This contribution to today’s Blog Carnival comes from Professor Jeremy Gans, Associate Professor at Melbourne Law School. Professor Gans researches teaches on all aspects of the criminal justice system. In 2007, he was appointed as the Human Rights Adviser to the Victorian Parliament’s Scrutiny of Acts and Regulations Committee. His early research focused on fact-finding in sexual assault trials, the subject of his doctoral thesis and a number of published articles, and criminal investigation, especially the technique of DNA identification. He has contributed to public debate on criminal justice in a number of forums and he publishes a running commentary on Victoria’s Charter of Human Rights and Responsibilities at charterblog.wordpress.com.
While England is rightly regarded as the world’s leading jurisdiction when it comes to DNA profiling, Australia has some claim to be its coal mine canary. Over a century ago, its national court was probably the first to hold that a fingerprint (‘an unforgeable signature’!) can be the sole basis for a criminal conviction. More recently, some its states and territories, unencumbered by human rights laws, have pushed DNA databasing powers beyond even England at its zenith.
The Northern Territory, for instance, has, for over a decade, permitted automatic collection (and permanent retention) of DNA, not only on arrest but also from anyone merely suspected of any crime. In 2007, when South Australia’s poorly administered database proved to be full of illegally retained profiles (resulting in one criminal being freed), the government responded by urging the database’s administrators to ignore the existing destruction requirements and then convincing its Parliament to speedily repeal all the laws that were bothersome to administer. Its new law, while limited to imprisonable offences, again pushes beyond England’s by allowing for automatic collection and permanent retention based on mere suspicion.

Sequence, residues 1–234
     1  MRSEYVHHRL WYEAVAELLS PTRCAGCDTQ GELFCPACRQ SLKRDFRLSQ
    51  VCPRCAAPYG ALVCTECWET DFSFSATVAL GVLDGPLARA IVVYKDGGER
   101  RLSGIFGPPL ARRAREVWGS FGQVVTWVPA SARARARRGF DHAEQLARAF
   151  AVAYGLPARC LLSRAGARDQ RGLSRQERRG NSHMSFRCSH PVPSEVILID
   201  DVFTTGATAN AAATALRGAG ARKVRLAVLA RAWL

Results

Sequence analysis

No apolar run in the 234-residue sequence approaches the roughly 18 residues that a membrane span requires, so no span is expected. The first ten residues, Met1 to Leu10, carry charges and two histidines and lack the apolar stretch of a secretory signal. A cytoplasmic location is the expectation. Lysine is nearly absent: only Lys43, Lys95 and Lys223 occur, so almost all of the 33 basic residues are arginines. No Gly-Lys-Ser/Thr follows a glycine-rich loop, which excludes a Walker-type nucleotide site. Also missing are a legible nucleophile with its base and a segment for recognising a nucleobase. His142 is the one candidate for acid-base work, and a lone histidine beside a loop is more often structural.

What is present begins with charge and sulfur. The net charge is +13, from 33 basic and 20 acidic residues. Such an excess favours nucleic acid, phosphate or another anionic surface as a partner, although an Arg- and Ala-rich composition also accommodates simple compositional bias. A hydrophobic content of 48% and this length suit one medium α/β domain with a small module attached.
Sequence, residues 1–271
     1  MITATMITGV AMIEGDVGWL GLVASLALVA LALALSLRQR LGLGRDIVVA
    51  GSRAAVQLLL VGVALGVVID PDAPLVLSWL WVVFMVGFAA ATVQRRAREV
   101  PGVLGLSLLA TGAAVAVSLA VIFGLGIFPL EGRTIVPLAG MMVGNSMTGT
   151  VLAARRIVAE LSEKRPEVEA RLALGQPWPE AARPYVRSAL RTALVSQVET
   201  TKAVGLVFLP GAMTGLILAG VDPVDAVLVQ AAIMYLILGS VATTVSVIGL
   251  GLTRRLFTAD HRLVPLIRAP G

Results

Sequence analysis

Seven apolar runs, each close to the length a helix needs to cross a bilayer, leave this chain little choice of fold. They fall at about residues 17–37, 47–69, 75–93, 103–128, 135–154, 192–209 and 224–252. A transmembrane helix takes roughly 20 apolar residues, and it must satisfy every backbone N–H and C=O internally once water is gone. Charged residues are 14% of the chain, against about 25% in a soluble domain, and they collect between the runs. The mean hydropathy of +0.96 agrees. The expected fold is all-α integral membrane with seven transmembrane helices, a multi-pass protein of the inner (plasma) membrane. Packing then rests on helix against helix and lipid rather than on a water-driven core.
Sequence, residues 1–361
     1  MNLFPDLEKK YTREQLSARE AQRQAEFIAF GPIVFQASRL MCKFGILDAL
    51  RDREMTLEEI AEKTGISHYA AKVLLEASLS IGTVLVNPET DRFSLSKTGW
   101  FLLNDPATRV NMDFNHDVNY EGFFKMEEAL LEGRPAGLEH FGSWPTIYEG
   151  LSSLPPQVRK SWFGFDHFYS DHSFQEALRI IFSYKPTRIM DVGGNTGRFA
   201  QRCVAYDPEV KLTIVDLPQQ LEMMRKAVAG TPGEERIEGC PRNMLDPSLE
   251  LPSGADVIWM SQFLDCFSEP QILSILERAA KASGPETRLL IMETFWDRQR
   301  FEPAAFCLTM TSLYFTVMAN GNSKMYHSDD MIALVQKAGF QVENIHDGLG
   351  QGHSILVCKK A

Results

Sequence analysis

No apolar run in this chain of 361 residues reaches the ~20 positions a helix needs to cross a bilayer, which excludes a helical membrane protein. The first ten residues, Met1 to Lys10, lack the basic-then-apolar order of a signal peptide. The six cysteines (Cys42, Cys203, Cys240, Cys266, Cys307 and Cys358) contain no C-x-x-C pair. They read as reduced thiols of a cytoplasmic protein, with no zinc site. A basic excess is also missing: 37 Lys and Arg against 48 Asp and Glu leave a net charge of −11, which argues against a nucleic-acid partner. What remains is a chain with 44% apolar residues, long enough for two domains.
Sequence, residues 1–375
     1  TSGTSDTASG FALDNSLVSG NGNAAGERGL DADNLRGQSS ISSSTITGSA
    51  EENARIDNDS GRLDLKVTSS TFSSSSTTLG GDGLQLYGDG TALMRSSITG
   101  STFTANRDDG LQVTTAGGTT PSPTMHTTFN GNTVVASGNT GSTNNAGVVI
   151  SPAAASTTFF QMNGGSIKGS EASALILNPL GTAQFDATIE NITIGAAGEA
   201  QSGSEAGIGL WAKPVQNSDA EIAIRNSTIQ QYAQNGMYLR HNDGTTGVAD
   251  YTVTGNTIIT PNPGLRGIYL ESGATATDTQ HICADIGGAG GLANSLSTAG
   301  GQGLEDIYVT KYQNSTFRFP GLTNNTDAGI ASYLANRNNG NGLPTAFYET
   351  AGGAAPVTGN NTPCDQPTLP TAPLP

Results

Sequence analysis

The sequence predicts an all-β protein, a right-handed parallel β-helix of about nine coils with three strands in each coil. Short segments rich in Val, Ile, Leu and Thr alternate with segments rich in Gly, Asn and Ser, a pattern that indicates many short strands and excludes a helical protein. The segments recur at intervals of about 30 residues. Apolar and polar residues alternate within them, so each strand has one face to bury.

And yet, just three years later, it’s hard to imagine any current Australian parliament being so bold. The reason isn’t S & Marper v United Kingdom. Only two of Australia’s ten jurisdictions have even a weak human rights law – the federal government just ruled out adopting one – and there’s no strong supranational court to keep even the ones with such laws in line. Nor is it the National Academy of Sciences report on the dire state of forensics in America. Australian courts have shrugged off concerns about the validity of cutting edge DNA techniques like low copy number analysis.
Rather, the change is due to some spectacular DNA mistakes in my home state of Victoria. The most dramatic case occurred late last year, when the Victorian Court of Appeal overturned the rape conviction of Melbourne teenager Farah Jama. Jama’s DNA was detected in semen in a vaginal swab of a 40 year-old woman who had passed out in a nightclub and woke up in a toilets with no memory of how she got there. Jama was convicted of her rape, even though no-one had seen any black youths in the crowded ‘over 28s’ venue and the teenager denied having even been to that Melbourne suburb. The trial judge even congratulated the jury for seeing through the lies of Jama’s family, who supported his alibi that he had spent the night reading the Koran to his ailing father.